Suf­fer Lit­tle Chil­dren

CAPER­NAUM Na­dine Labaki on how re­al­ity and fic­tion in­ter­twined dur­ing her film’s pro­duc­tion…

Total Film - - Dialogue - NS

Le­banese di­rec­tor Na­dine Labaki ar­rives for our in­ter­view with a fetch­ing beaded bag bear­ing the leg­end “Be The Change”. It’s an up­lift­ing and em­pow­er­ing sen­ti­ment that ex­tends to her lat­est film: a mov­ing por­trait of a young boy grow­ing up poor in Beirut, which she hopes will make au­di­ences “change their per­spec­tive” about a marginalised sec­tor of so­ci­ety that’s all too of­ten ig­nored.

Mak­ing Caper­naum has cer­tainly been a life-chang­ing ex­pe­ri­ence for the di­rec­tor of Caramel and Where Do We Go Now?, who spent six months craft­ing the film with com­poser hus­band Khaled Mouza­nar and a cast of un­known ac­tors they lit­er­ally lifted off Beirut’s streets. “The chal­lenge was to cap­ture the re­al­ity and you can­not do it just like that,” she says with re­gards to the ex­tended shoot­ing sched­ule. “You have to be at the ser­vice of your ac­tors, where usu­ally it’s the other way around.”

Tak­ing its ti­tle from a town cursed by Je­sus whose name has since be­come a syn­onym for chaos, Caper­naum tells of a 12-year-old boy called Zain (puck­ish Syr­ian mi­grant Zain Al Rafeea), who takes his par­ents to court… for hav­ing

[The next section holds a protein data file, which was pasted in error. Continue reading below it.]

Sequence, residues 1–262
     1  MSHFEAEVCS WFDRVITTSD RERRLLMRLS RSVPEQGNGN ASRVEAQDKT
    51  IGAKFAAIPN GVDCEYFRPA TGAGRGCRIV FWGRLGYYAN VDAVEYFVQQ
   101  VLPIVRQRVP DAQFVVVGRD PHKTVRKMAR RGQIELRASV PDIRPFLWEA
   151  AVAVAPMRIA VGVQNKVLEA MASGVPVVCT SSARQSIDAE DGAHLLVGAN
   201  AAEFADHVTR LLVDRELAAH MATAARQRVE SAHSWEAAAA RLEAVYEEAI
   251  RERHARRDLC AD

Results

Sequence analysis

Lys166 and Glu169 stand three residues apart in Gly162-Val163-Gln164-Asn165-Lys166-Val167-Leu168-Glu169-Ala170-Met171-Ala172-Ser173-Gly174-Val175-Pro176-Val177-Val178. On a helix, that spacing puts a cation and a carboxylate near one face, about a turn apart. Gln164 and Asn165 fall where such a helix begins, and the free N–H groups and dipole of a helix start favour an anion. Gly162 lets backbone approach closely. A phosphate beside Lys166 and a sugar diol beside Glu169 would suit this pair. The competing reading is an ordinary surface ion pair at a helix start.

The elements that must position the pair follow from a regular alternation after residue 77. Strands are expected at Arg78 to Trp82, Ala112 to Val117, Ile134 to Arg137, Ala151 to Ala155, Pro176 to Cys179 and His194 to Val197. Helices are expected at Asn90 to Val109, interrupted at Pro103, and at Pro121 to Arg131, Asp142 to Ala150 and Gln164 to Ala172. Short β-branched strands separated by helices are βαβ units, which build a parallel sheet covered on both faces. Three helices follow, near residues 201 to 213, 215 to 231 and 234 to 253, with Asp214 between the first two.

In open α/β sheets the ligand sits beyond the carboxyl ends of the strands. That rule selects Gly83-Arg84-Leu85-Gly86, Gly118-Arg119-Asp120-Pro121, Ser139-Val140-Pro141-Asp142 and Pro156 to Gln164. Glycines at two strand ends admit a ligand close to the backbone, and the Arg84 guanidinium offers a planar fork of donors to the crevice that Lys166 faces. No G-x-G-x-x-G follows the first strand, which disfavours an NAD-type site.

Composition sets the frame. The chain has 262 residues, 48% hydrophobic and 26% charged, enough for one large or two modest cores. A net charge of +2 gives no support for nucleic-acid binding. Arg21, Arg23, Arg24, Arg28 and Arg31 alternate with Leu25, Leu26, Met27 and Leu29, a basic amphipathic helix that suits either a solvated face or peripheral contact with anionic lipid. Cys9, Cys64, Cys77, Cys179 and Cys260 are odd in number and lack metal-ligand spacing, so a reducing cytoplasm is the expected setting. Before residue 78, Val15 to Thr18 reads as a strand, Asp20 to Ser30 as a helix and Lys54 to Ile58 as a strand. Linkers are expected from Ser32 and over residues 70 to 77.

him in the first place. It’s a fan­ci­ful con­cept, yet one that re­flects the feel­ings of many of the chil­dren whom Labaki spoke to as part of her re­search.

“I would ask them, ‘Are you happy to be alive?’ and they would say ‘No’,” she re­mem­bers. “‘Why was I born if there’s no­body to love me? Why give me life if I am to be raped and treated like trash?’ The fact Zain sues his par­ents is a sym­bolic ges­ture in the name of all of those chil­dren.”

The fic­tional Zain’s life is def­i­nitely no pic­nic. Run­ning away af­ter his shock­ingly young sis­ter is forced into mar­riage, he be­friends an Ethiopian clean­ing woman (Yor­danos Shiferaw) with a baby called Yonas (Boluwat­ife Trea­sure Bankole) who Zain is obliged to take care of when she is ar­rested.

Life mir­rored art dur­ing pro­duc­tion when Shiferaw was her­self de­tained, a fate that also be­fell Bankole’s real-life mum and dad. “When we were shoot­ing the scenes where Yonas is alone, she ac­tu­ally was with­out her mother,” says Labaki. “The film kept re­mind­ing us we were work­ing with real peo­ple in real sit­u­a­tions hav­ing real strug­gles.”

With more than 500 hours of rushes by the end, the po­ten­tial is there for a longer cut or even a TV se­ries. A greater pri­or­ity for Labaki, how­ever, is en­sur­ing her ac­tors are safely set­tled with le­git­i­mate doc­u­men­ta­tion. “They are part of my life now so we have to find so­lu­tions,” she ex­plains. “For once, I didn’t want the happy end­ing to be con­fined to the screen…”

ETA | TBC FE­BRU­ARY / CApER­nAUm opEns nExT monTh.

lost yoUth Zain Al Rafeea stars as 12-year-old Zain, who goes on the run in Beirut.

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